A clustered, hermetic test runner.

Maelstrom is a test runner for Rust and Pytest, built on top of a general-purpose clustered job engine.

About Maelstrom

Maelstrom packages your tests into hermetic micro-containers, then distributes them to be run on an arbitrarily large cluster of test-runners, or locally on your machine. You might use Maelstrom to run your tests because:

  • It's easy. Maelstrom functions as a drop-in replacement for cargo-test and pytest. In most cases, it just works with your existing tests with minimal configuration.
  • It's reliable. Maelstrom runs every test hermetically in its own lightweight container and runs each test independently, eliminating confusing errors caused by inter-test or implicit test-environment dependencies.
  • It's scalable. You can run Maelstrom as a cluster — add more worker machines to linearly increase test throughput.
  • It's clean. Maelstrom has a from-scratch, rootless container implementation (not relying on docker or RunC) written in Rust, optimized to be low-overhead and start quickly.
  • It's fast. In most cases, Maelstrom is faster than cargo test, even without adding clustering. Maelstrom’s test-per-process model is inherently slower than pytest’s shared-process model, but Maelstrom provides test isolation at a low performance cost.

Maelstrom is currently available for Rust and Pytest on Linux. C++, Typescript, and Java are coming soon.

While our focus thus far has been on running tests, Maelstrom's underlying job execution system is general-purpose. We provide a command line utility to run arbitrary commands, as well a gRPC-based API and Rust bindings for programmatic access and control.

See the book for more information:

Getting Started

Installing Pre-Built Binaries

To run your tests using Maelstrom, you need a test-runner binary. The easiest way to get it is using cargo-binstall.

For Rust tests:

cargo binstall cargo-maelstrom

For Python tests:

cargo binstall maelstrom-pytest

This will install a pre-built binary from the github releases page. If you don't have cargo-binstall, you can download the binary manually.

Check out the book for more ways to install Maelstrom.

Running cargo-maelstrom

To run your Rust tests, use cargo-maelstrom:

cargo maelstrom

This runs in "standalone" mode, meaning all tests are run locally. Each test is run in its own container, configured with a few common dependencies. It may work for your project without any further configuration.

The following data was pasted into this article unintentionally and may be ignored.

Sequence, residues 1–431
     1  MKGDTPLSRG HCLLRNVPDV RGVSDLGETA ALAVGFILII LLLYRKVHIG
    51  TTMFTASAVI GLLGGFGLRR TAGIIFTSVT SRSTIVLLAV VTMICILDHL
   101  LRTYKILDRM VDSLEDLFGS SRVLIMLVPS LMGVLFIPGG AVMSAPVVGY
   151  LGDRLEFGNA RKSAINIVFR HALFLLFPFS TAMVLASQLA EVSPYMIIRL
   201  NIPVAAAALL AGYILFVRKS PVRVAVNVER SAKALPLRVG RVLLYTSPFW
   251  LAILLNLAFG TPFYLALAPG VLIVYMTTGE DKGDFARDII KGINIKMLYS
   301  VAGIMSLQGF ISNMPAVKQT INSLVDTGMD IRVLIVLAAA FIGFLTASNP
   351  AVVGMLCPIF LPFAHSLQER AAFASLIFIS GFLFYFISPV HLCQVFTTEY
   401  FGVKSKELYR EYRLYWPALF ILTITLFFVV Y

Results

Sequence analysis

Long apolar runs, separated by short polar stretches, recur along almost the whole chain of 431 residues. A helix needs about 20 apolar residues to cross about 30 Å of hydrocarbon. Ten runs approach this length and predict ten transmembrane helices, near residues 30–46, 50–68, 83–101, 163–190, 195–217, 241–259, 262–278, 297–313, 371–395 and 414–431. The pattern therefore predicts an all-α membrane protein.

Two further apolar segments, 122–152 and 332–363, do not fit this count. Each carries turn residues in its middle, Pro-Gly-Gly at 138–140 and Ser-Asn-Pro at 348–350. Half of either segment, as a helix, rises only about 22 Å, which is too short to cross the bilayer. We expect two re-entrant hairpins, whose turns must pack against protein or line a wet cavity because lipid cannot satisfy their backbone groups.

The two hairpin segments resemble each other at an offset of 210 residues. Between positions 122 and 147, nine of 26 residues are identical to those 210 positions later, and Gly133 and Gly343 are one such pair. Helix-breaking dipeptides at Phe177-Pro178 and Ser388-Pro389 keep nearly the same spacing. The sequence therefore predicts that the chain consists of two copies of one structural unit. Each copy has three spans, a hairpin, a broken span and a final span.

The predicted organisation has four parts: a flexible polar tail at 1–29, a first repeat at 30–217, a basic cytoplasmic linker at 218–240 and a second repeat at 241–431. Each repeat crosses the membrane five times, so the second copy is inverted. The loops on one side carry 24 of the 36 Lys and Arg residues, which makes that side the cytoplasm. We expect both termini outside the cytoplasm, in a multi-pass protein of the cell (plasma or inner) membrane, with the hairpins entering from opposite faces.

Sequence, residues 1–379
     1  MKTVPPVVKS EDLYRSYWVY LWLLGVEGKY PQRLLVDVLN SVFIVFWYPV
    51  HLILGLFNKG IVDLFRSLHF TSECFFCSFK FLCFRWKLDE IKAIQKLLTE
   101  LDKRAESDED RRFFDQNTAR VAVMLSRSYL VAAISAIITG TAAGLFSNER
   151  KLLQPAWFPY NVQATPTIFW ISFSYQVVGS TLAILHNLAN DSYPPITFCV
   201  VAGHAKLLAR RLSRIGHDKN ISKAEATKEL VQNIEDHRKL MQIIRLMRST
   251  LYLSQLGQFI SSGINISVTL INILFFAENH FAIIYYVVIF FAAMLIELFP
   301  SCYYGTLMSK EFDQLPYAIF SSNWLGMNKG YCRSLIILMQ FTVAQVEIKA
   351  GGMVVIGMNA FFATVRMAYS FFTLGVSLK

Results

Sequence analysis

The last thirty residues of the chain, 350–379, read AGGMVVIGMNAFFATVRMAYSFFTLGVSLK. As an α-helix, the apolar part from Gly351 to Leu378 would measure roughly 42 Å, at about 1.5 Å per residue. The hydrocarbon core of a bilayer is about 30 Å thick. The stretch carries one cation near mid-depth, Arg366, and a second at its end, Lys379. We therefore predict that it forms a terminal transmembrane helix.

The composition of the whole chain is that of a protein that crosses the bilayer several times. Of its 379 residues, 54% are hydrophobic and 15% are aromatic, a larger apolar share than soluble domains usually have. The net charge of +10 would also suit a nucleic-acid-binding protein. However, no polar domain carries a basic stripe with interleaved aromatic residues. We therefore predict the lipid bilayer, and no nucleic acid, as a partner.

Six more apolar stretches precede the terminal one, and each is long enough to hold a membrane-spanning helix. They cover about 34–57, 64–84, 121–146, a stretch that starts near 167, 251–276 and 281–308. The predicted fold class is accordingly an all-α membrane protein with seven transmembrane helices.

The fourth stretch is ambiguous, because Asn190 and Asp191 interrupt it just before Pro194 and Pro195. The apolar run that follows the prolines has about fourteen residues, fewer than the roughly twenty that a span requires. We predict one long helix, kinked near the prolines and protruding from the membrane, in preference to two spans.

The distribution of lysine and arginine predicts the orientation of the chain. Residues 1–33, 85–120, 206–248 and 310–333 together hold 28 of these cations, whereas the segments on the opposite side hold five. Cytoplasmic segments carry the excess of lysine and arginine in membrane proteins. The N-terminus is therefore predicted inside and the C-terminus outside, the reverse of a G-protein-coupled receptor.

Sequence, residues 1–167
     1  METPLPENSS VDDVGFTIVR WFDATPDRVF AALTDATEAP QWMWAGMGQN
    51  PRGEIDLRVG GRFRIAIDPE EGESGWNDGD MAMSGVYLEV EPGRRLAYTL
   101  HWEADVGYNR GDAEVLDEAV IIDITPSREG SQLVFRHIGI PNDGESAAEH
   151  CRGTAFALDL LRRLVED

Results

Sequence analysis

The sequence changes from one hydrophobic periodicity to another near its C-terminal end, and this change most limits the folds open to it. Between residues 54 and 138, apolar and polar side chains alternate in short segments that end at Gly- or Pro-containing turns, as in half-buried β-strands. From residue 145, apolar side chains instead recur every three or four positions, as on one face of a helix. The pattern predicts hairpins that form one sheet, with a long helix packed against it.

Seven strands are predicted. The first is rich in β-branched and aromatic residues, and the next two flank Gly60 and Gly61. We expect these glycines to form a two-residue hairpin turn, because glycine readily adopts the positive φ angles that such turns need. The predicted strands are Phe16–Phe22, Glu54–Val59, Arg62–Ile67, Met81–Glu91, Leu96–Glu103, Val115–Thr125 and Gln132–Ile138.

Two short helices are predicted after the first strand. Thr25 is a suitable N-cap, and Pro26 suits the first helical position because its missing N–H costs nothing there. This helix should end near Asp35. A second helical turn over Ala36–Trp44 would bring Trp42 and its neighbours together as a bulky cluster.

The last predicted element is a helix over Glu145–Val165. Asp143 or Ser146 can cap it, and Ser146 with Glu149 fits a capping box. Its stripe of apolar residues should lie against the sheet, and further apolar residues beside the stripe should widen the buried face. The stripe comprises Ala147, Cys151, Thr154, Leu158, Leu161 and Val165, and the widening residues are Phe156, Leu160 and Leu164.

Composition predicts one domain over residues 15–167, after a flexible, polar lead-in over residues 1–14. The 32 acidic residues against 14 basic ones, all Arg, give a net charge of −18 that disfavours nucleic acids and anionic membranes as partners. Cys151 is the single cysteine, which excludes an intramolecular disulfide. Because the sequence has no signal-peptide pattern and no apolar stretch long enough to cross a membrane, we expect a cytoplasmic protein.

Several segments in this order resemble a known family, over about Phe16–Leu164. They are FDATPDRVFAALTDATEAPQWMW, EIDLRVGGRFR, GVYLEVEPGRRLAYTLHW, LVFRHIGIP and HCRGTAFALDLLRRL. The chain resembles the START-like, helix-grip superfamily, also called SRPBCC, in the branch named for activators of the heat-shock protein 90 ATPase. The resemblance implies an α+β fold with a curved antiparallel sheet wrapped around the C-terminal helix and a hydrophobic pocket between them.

If some tests fail, however, it likely means those tests have dependencies on their execution environment that aren't packaged in their containers. You can remedy this by adding directives to the cargo-maelstrom.toml file. To do this, run:

cargo maelstrom --init

Then edit the created cargo-maelstrom.toml file as described in the book

Running maelstrom-pytest

Before running tests, we need to do a little setup.

Choosing a Python Image

First generate a maelstrom-pytest.toml file
maelstrom-pytest --init

Then update the file to include a python image

image = "docker://python:3.11-slim"
image.use = ["layers", "environment"]

This example installs an image from Docker

Including Your Project Python Files

So that your tests can be run from the container, your project's python must be included.
added_layers = [ { glob = "**.py" } ]

This example just adds all files with a .py extension. You may also need to include .pyi files or other files.

Including pip Packages

If you have an image named "python", maelstrom-pytest will automatically include pip packages for you as part of the container. It expects to read these packages from a test-requirements.txt file in your project directory. This needs to at a minimum include the pytest package



Now we are ready to try to run tests. Just invoke maelstrom-pytest:


This runs in "standalone" mode, meaning all tests are run locally. Each test is run in its own container.

Setting Up a Cluster

To get even more out of Maelstrom, you can set up a cluster to run your tests on. You will need to run one copy of the broker (maelstrom-broker) somewhere, and one copy of the worker (maelstrom-worker) on each node of the cluster.

You can install these using multiple methods, including cargo-binstall:

cargo binstall maelstrom-worker maelstrom-broker

Then you can start the broker:

maelstrom-broker --port=1234

Then a few workers:

maelstrom-worker --broker=broker-host:1234

Then run cargo-maelstrom against the cluster:

cargo maelstrom --broker=broker-host:1234

See the book for more information: